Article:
Wetherspoons set to double the amount of pubs in Ireland over the next 18 months 7 years ago

Wetherspoons set to double the amount of pubs in Ireland over the next 18 months

Watch out for one near you.

British pub chain Wetherspoons are set the double the amount of bars in Ireland in the next year to year and a half, Wetherspoons founder Tim Martin revealed today.


Speaking to the Irish Times, Martin revealed that plans were in place to open five or six new pubs in Ireland over the next 12 to 18 months to add to the five bars currently operating in the country.

Martin has been extremely pleased by the reception to the five existing Wetherspoons pubs in Ireland - The Three Tun Tavern in Blackrock, The Forty Foot in Dun Laoghaire, The Great Wood in Blanchardstown, The Old Borough in Swords and The Linen Weaver in Cork – and expects to double the Wetherspoons presence between now and early 2017.


“It’s still early days in Ireland with us just having opened four out of our five bars in recent months but there’s been an extremely good reception and it is obvious that people like our pubs,” Martin told The Irish Times.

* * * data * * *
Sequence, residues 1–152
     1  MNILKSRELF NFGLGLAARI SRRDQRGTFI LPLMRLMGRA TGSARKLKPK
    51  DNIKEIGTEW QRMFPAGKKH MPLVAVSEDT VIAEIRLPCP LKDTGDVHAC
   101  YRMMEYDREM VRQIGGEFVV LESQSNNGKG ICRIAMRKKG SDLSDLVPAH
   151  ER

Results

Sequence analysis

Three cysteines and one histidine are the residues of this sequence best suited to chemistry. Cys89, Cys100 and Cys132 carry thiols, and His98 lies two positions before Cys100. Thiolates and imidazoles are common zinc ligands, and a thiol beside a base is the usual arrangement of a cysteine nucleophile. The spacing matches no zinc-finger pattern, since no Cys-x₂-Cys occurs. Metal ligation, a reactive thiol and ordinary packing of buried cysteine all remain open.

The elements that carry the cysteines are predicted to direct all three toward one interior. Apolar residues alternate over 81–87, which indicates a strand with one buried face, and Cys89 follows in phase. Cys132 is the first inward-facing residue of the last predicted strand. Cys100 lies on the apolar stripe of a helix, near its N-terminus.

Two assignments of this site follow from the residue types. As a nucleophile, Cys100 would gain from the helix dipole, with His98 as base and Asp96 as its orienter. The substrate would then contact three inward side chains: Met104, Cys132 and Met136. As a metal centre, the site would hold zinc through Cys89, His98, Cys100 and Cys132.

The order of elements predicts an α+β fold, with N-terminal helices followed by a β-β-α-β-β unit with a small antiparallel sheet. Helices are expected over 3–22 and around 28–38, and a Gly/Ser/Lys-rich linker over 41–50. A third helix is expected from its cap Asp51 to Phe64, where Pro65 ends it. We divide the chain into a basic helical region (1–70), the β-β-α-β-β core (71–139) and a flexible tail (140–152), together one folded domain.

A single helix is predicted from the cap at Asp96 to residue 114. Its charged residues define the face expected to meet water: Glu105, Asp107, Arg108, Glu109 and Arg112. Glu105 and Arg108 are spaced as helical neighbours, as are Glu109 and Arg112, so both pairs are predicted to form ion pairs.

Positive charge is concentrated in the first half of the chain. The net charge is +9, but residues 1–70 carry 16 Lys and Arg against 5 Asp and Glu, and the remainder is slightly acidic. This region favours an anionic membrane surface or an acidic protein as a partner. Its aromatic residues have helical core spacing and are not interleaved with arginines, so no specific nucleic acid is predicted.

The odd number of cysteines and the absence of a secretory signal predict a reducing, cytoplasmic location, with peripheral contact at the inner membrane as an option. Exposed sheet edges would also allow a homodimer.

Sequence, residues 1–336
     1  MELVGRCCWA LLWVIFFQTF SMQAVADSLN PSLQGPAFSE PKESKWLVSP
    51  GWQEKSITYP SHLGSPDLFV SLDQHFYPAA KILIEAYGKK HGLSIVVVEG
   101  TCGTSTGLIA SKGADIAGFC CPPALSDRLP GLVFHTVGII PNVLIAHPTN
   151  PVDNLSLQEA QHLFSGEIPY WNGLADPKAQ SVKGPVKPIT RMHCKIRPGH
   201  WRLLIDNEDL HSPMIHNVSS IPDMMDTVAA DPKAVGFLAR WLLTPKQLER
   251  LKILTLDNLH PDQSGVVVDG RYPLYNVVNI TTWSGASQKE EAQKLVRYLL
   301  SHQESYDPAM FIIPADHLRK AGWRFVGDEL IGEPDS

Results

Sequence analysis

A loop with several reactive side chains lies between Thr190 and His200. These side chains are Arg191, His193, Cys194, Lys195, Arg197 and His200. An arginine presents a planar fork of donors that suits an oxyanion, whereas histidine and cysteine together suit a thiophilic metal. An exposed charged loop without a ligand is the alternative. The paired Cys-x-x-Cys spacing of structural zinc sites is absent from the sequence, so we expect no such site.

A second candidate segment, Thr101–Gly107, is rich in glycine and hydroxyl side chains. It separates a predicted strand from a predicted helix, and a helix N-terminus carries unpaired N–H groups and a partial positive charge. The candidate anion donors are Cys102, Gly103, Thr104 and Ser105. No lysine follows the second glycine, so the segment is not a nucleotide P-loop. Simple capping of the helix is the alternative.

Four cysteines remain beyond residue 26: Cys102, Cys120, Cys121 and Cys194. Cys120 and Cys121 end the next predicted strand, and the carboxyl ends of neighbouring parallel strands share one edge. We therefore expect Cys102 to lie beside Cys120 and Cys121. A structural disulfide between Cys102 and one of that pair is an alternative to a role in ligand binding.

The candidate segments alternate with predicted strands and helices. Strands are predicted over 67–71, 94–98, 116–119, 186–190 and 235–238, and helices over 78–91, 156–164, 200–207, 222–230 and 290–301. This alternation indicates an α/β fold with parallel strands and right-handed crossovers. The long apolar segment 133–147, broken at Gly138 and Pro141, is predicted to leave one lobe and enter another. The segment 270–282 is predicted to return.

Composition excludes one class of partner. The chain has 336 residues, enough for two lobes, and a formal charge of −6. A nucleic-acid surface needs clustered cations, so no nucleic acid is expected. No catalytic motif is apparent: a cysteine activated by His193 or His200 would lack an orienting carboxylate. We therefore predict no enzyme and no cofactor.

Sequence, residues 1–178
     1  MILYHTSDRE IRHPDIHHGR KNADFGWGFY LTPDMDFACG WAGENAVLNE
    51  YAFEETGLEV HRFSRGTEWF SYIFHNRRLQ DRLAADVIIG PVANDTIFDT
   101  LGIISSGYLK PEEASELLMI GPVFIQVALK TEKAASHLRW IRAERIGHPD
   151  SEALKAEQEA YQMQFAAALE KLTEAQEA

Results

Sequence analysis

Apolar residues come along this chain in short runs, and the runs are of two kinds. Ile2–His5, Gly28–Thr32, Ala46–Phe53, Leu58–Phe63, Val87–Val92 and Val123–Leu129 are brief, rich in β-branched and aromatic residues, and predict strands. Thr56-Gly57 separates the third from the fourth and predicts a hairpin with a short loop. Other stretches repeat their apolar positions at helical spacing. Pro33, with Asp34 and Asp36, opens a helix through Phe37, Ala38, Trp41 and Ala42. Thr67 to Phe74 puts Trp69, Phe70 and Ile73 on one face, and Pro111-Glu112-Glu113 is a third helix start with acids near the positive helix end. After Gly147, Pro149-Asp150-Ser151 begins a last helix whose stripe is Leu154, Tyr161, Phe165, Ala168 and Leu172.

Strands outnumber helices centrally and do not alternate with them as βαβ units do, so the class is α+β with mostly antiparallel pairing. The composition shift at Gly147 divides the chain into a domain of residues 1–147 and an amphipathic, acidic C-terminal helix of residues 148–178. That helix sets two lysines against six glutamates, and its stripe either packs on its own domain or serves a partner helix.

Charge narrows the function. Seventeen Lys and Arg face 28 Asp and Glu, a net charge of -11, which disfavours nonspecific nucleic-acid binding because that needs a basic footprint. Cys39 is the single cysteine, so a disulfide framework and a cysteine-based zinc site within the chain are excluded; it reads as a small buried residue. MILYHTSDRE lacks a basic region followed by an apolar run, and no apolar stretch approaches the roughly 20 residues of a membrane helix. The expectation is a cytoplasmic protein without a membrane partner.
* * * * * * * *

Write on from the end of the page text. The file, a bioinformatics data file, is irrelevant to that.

“We’re delighted with the sites and with the sales so far and the only people who don’t seem to be excited by our presence in Ireland are Guinness and Heineken for whom I’m about as popular as Vladimir Putin is in Kiev.”

Wetherspoons don’t sell Guinness or Heineken in any of their Irish pubs, but it hasn’t seemed to do much harm to their business and Martin revealed that further details about their expansion plans will become clear at a later date.

“There might be a bit of a pause while we get planning permission and licensing together but we’re hoping to open another five or six pubs over the next 12 to 18 months,” he added.



Wetherspoons have already committed to developing a pub and hotel at the site of a former homeless hostel on Dublin’s Camden Street (above).

There are also plans to open new pubs in Waterford and Cork, leaving them on track to reach a previously stated target of 30 new pubs in Ireland in five years.